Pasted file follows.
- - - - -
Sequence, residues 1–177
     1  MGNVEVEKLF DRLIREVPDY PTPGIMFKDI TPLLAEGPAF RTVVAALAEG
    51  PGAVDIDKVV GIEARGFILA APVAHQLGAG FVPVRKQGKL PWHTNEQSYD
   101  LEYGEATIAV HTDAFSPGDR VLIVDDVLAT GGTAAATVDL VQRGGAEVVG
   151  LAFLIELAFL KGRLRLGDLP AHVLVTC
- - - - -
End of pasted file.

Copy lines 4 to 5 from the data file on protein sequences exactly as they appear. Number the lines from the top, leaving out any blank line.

   101  LEYGEATIAV HTDAFSPGDR VLIVDDVLAT GGTAAATVDL VQRGGAEVVG
   151  LAFLIELAFL KGRLRLGDLP AHVLVTC